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  Judge Was Grand Jury Story Source

The Associated Press
Friday, Aug. 18, 2000; 8:39 p.m. EDT

WASHINGTON –– Independent Counsel Robert Ray confirmed Friday that he has impaneled a grand jury to resume investigation of the Monica Lewinsky scandal as a federal judge said he inadvertently released that information a day earlier.

Appellate Court Judge Richard D. Cudahy, one of three judges on the panel that supervises Ray, said in a statement that it was he who disclosed the information. He said it occurred in a conversation with a reporter who called to ask about the panel's decision to grant an extension to Ray's investigation.

In a statement of his own, Ray said the disclosure was a setback. "The timing of yesterday's disclosure of the existence of a grand jury considering evidence in the Lewinsky investigation undermines our ability to complete this matter in a prompt, responsible, and cost-effective manner," he said.

Judge Cudahy, a veteran jurist appointed to the bench by President Carter in 1979, said that "the timing resulted solely from the press inquiry following on the issuance of the special division's order."

While discussing the extension, which was released Thursday by the three-judge panel, "the judge inadvertently referred to the existence of a newly-empaneled grand jury," Cudahy's statement said. "This fact, previously undisclosed, has led to considerable controversy, based on its timing." Indeed, Democrats criticized the timing of the legal developments involving President Clinton because they were made public on the day Vice President Al Gore was accepting his party's nomination at the Democratic National Convention.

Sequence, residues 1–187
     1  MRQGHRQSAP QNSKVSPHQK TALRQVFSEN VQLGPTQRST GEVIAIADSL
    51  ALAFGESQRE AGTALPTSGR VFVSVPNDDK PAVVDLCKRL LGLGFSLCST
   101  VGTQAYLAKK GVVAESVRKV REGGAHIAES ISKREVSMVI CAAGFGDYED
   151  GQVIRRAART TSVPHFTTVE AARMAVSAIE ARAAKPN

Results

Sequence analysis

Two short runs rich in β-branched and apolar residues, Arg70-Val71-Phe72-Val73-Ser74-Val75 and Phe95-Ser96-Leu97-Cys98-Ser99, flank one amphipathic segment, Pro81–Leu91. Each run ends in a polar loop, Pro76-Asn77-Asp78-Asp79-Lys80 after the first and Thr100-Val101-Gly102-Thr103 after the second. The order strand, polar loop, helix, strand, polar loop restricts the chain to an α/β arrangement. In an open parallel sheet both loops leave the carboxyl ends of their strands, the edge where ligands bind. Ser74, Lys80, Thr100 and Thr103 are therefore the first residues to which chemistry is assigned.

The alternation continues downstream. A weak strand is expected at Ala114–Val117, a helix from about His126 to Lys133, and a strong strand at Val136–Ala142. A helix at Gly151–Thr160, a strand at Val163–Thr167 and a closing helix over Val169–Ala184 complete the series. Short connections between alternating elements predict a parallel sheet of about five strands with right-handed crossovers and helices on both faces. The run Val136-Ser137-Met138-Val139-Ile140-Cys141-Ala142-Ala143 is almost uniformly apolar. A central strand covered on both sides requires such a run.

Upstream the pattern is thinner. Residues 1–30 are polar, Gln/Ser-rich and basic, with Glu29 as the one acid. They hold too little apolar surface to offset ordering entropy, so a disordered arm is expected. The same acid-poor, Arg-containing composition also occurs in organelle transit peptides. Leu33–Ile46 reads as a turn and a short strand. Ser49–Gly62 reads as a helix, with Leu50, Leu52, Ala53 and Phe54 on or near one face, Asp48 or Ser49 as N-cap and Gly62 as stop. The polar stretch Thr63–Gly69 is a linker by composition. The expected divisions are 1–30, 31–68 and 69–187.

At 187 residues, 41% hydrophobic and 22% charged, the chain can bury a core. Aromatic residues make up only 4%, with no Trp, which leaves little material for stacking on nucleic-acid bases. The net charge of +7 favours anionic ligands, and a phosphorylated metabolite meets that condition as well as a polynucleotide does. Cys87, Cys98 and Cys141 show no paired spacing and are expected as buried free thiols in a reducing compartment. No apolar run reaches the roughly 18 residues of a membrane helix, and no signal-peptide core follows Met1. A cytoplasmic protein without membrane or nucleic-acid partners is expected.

Cudahy on Friday disclosed his role, "with apologies to all concerned," said the statement released by Cudahy's office. He came forward because of "the nature of the controversy," the statement said.

In a statement given to reporters in Lake Placid, where Clinton is vacationing with his family, presidential spokesman Jake Siewert said: "Wherever the information came from, even after $50 million, an 800-page report and proceedings before both houses of Congress, the independent counsel seems to want this investigation to go on and on and on. The American people have put this behind them, and they must be wondering why the independent counsel can't do the same."

The Associated Press first reported the new grand jury on Thursday, citing legal sources. On Friday, the three-judge panel, at Ray's request, authorized to Ray to make public letters to the court that confirmed the existence of the grand jury.

Kelly Smith Tunney, director of corporate communications for The Associated Press, said, "We are aware of the judge's statement, but we don't discuss reporter's sources."

Cudahy was the lone dissenting voice a year ago when the panel decided to let Ray go ahead with the probe, saying "an endless investigation" served no goal and imposed a needless burden on taxpayers. The judge, based in Chicago, agreed with the order issued this week.

© Copyright 2000 The Associated Press

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